How to stay sane when job hunting
I must confess, the title of this article is somewhat of a misnomer because in actual fact I don’t know the answer. Job hunting can be a daunting and thankless task, and can quickly weaken a person’s already low self esteem. A while ago I wrote about the fact that I had, after many years of doubting myself, come to the realisation that I am a writer. I have had the absolute luxury of spending much of the last year working on my debut novel, The Fire Fox and the Harvest Moon, and of course have wonderful fantasies about that book becoming an international bestseller and all my dreams coming true, but back in the real world dreams don’t pay the rent and I need a job.
I have had many incarnations in my life – I worked for several years in the care and support sector before transferring over to education in 2007, but although I was certain at that point that I wanted to be a teacher, I know myself well enough now to realise that teaching is not for me. It is a noble and worthy profession and I have the utmost respect for teachers everywhere, but I am not one of them. When I got the job as Speak Out! Coordinator at my old school it was a total gift. A job in a school, with young people, helping them with their confidence and self esteem and encouraging them to read? Perfect! A job where I was in control of my own schedule, where I was free to roam where I wanted, when I wanted? Even more perfect! I couldn’t have created a more satisfying and rewarding job for myself if I had tried, and I loved every minute of it. When the funding ran out my emotions were mixed – I was sad to leave but happy as it meant I got to be with my husband who had left for Ecuador 5 and half months before.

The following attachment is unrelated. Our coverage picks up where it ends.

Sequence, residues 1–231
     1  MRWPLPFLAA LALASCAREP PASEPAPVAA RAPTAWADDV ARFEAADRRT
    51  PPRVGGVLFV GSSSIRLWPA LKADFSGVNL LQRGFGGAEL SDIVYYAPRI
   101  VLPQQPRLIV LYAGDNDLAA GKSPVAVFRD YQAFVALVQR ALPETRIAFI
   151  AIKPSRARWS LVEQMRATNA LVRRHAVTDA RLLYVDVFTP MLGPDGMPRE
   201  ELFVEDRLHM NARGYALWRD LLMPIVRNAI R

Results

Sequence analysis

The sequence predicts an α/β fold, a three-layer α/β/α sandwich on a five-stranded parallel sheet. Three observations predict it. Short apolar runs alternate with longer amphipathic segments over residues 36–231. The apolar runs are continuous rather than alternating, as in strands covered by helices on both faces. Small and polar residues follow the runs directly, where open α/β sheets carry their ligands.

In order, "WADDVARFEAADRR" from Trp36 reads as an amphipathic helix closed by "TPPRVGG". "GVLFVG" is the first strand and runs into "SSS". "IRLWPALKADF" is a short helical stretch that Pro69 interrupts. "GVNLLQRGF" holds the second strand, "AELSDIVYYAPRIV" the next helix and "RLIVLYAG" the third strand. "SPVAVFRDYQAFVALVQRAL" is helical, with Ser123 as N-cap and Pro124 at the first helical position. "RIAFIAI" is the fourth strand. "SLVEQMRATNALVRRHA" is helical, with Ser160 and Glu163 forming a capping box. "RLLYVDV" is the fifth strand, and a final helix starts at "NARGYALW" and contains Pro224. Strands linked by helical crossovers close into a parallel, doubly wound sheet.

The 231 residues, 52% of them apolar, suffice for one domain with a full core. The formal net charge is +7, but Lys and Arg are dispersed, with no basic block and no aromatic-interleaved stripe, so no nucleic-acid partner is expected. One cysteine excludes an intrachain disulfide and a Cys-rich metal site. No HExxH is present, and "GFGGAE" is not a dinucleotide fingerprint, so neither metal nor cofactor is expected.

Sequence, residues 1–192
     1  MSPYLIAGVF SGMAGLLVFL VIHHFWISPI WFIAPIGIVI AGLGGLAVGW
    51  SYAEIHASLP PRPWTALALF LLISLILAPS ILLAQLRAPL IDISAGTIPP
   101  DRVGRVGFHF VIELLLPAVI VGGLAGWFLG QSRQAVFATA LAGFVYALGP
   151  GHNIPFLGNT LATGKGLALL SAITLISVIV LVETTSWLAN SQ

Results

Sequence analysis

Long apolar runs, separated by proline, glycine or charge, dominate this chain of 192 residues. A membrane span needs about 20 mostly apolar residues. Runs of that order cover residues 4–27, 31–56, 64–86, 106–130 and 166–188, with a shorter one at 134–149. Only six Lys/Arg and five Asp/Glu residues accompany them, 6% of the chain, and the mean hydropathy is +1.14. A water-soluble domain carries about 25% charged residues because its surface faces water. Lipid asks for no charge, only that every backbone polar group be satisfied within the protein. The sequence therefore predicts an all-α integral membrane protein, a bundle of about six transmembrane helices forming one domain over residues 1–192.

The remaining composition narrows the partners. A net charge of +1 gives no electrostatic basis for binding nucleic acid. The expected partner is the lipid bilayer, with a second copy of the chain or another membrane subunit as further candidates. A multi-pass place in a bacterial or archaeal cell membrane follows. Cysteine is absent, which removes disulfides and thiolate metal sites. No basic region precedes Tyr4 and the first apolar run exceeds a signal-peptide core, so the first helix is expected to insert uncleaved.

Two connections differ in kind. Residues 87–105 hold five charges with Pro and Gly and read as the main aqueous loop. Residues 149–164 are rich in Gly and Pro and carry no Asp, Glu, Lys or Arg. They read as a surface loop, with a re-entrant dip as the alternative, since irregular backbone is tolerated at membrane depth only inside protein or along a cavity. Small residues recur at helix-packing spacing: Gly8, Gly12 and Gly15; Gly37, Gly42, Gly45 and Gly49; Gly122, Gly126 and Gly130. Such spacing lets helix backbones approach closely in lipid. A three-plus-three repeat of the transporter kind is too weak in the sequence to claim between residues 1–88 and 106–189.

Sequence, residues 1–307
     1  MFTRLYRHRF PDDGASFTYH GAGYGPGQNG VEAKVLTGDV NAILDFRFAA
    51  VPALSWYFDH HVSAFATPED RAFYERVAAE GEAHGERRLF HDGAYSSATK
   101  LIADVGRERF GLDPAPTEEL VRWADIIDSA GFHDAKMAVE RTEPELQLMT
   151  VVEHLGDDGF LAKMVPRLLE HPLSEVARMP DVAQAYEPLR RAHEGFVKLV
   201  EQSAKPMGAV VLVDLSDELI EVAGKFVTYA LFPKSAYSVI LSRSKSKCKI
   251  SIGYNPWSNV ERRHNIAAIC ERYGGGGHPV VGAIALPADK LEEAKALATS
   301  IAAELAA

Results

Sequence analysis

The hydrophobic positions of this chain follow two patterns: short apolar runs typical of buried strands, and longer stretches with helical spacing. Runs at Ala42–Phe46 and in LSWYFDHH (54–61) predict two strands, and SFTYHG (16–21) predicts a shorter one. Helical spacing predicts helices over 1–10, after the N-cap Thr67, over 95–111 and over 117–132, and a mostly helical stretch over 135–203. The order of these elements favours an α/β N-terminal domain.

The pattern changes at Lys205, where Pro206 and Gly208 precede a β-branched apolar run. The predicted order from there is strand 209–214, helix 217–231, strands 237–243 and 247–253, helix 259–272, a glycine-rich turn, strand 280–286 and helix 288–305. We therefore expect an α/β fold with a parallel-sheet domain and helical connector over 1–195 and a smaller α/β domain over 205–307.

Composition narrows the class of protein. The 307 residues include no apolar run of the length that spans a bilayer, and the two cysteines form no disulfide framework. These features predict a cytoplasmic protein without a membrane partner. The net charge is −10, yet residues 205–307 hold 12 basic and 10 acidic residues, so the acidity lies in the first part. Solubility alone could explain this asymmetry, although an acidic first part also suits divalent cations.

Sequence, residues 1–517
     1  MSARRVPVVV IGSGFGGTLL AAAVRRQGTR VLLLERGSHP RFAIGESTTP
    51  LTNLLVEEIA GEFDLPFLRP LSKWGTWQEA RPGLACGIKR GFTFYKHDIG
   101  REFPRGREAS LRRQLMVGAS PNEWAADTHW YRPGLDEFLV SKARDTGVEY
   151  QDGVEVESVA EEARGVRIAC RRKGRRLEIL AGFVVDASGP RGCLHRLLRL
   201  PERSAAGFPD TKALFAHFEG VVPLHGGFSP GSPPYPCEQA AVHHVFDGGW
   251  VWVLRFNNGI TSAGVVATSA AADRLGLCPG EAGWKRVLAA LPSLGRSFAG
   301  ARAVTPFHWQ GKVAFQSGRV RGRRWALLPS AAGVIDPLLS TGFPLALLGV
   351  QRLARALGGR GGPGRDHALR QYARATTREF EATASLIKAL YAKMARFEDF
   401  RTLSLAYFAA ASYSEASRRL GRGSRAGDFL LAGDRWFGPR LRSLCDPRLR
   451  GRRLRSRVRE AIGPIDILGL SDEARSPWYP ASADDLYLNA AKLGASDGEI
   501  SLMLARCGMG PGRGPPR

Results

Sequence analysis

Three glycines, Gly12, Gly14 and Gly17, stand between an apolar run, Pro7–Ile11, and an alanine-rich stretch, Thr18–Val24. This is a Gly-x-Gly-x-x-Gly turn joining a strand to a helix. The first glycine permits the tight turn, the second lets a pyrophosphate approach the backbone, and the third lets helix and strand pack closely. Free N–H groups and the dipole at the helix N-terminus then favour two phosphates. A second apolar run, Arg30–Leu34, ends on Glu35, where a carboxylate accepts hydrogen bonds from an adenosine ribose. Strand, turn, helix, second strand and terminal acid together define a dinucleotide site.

Fast forward to a year later : I’m back in England and I need a job. When a very similar position came up in a school, I was amazed. I am not an arrogant person by any means but as I went carefully through the application I was quietly confident. I matched their criteria in every point with real life experiences. Added to that my qualifications and experience as a teacher, as well as glowing references from two exceptionally well respected people in education, and I sent off the application feeling good. The deadline was on the Friday and I knew they wanted to interview the following week – a very tight turn around. By Tuesday when I had heard nothing I began to worry. On Wednesday my inbox was still empty and I called. They were very sorry but I hadn’t been selected for interview. I’m not saying I should have got the job, or that there weren’t other applicants with more skills and experience than me, but to not even get an interview? I was gutted. It was a real blow and made me question myself. The most frustrating thing is that I know what a hard worker I am, how committed and loyal I am, and how much I have to offer, but with every rejection the little voice of doubt becomes louder.
How to keep your chin up, duck
Thanks to my lovely pooch I have no choice but to exercise every day, and that is very good for having thinking and reflecting time. It is really easy in these situations to get down and lose motivation but getting outside, breathing in the fresh air, and just being in nature is an absolute tonic. My friend told me about a fantastic website called coursera, which provides free online courses from universities around the world. I have signed up to a Writing for Young People course to keep my brain active and make me feel like I am still achieving something. The hardest part, in my view, is to maintain the confidence to apply for more jobs and not allow the set backs to get to you too much. I’m still working on that part.
This was the third job in a row I have applied for but not been selected for interview and honestly it is difficult to keep my chin up. I am at a crossroads in my life where I am confused about what to do next. I know that teaching is not for me and yet I love working with young people. I have never been a person who has chased big bucks (clearly) and yet it is very difficult to live on the wage of a Teaching Assistant, a job which I loved. I am well aware that I have put myself in this tricky situation by going to Ecuador and taking another ‘career break’, and that in this economic climate beggars can’t be choosers, but as far as what I am going to do next – at this point I really don’t know. Answers on a postcard please.